What Is A Uric Acid Diet?

Let’s discuss a diet to lower uric acid. There’s no denying a strong relationship between what you eat, your uric acid levels and having a gout attack or flare up.

There is obviously relationship – the problem comes in knowing exactly what you ate that triggered the gout attack.

The Relationship Between Uric Acid and Gout

In order to understand what foods caused the gout attack it’s important to understand the underlying mechanisms of gout.

Gout is caused by excess uric acid levels in the body. Uric acid is a byproduct of purines after they are broken down. Purines are naturally occurring substances found in all of the body’s cells and in most foods. Purines are a common substance because they provide part of the chemical structure of the genes of humans, plants and animals.

It’s logical that if purines caused uric acid then lowering purines would cause a lowering of uric acid. This is correct to a certain degree, however, there’s something else to factor into the equation. We must understand that there are 2 sources of purines – external and internal or those that we eat and those that our body naturally produces respectively.

Out of the 2 sources external and internal purines, the ones we eat (external) make up the minority. Yet this is where the mainstream dietary approach to managing gout has been focused on. Recommendations of “low purine” diets will have you avoiding food items such as: beef, lamb, chicken, pork, tuna and fish. All with the notion that lowering your intake of purines will result in a lowering of your uric acid levels. This is totally wrong.

A low purine diet would have you eating like a vegetarian. Yet studies have estimated the rate of gout in vegetarians in India at around 7%, which is no lower than average (1). In theory if decreasing our intake of purines in our diet really did affect uric acid levels then the incidence of gout should be lower.

The recommendation of the low purine diet and associated gout foods to avoid has been around for decades – it’s nothing new. If this really was a solution to gout then we would see gout rates dropping, instead we see the exact opposite.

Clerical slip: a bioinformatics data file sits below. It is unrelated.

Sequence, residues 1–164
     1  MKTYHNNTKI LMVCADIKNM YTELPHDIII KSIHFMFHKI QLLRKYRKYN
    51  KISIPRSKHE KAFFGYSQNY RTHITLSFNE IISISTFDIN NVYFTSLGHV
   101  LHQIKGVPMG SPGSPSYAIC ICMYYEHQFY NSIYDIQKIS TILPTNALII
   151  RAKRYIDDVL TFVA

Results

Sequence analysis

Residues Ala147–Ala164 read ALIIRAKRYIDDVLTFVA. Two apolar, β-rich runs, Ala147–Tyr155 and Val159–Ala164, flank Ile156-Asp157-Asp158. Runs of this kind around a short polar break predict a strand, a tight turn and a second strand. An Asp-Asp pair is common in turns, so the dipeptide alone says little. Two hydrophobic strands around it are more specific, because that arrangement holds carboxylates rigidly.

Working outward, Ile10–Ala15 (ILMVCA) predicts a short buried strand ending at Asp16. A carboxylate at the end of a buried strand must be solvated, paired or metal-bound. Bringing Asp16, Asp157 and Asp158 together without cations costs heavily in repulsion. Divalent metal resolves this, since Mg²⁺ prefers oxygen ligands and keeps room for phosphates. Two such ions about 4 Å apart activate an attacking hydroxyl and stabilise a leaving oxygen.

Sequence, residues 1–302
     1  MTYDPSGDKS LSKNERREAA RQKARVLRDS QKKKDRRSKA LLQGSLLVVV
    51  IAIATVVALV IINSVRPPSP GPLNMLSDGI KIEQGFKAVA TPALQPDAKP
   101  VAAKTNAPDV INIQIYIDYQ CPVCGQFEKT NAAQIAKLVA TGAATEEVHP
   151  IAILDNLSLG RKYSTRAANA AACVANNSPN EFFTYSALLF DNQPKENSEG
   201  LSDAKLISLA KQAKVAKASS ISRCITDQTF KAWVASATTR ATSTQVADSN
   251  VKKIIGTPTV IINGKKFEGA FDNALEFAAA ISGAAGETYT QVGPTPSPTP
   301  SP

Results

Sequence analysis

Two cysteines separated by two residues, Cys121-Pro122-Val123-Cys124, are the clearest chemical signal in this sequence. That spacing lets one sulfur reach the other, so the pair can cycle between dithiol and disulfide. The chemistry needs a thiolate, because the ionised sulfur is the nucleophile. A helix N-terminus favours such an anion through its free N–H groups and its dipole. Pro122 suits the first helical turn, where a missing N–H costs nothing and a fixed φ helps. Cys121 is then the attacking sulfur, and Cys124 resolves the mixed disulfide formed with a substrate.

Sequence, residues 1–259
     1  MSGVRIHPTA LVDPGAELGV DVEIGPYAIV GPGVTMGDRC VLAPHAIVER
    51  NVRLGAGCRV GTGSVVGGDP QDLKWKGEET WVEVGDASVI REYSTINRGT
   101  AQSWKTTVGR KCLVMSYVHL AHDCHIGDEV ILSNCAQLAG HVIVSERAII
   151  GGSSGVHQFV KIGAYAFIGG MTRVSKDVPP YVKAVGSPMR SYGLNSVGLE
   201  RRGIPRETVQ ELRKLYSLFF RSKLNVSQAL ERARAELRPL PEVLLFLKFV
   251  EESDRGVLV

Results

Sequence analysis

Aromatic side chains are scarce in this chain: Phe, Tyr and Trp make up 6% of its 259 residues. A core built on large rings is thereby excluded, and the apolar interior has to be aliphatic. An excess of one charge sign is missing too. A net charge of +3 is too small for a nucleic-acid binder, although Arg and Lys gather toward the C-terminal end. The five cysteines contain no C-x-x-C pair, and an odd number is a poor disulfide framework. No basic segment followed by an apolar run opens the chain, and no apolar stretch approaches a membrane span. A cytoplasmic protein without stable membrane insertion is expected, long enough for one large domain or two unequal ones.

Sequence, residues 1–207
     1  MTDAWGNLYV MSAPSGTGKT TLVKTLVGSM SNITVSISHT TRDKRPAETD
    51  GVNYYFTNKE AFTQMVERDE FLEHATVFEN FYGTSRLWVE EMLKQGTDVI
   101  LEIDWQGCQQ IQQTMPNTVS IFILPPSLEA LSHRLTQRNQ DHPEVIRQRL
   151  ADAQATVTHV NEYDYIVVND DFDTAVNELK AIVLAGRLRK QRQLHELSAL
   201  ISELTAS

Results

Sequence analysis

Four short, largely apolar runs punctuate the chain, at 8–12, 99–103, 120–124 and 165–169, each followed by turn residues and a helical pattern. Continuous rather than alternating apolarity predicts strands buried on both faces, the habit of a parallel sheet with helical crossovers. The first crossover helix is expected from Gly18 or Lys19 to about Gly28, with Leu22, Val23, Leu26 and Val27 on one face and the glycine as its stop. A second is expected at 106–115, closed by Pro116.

A recent medical press release reveals shocking statistics:

The Traditional Uric Acid Diet Is Failing
This has to make you realize that this approach to managing gout has it all wrong.

The Reality Of A Uric Acid Diet

Remember I mentioned uric acid was influence by 2 sources of purines – external (which comes from the food we eat) and internal (which comes from inside our body). It’s the internal purines that make up the largest bulk of purines in our body and have the biggest influence on our uric acid levels and therefore the probability of having a gout attack.

Uric acid levels in the body are influenced by the total production of uric acid and the excretion of uric acid. Either an increased uric acid production and/or a decrease in uric acid excretion can increase total uric acid levels. Certain foods have been shown to influence the production and excretion of uric acid with the end result being more or less total uric acid in the body.

For example it’s been shown that eating more protein actually increases the excretion of uric acid therefore decreasing the level of uric acid in the blood (2). Concentrating on these types of factors are much more important than paying attention to eating low purine foods.

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References:
1.duncan’s diseases of metabolism, p. 631
2. Hydrick cr and fox ih, nutrition and gout, in present knowledge in nutrition, fifth edition, the nutrition foundation, Washington dc, 1984, p. 743

 

 

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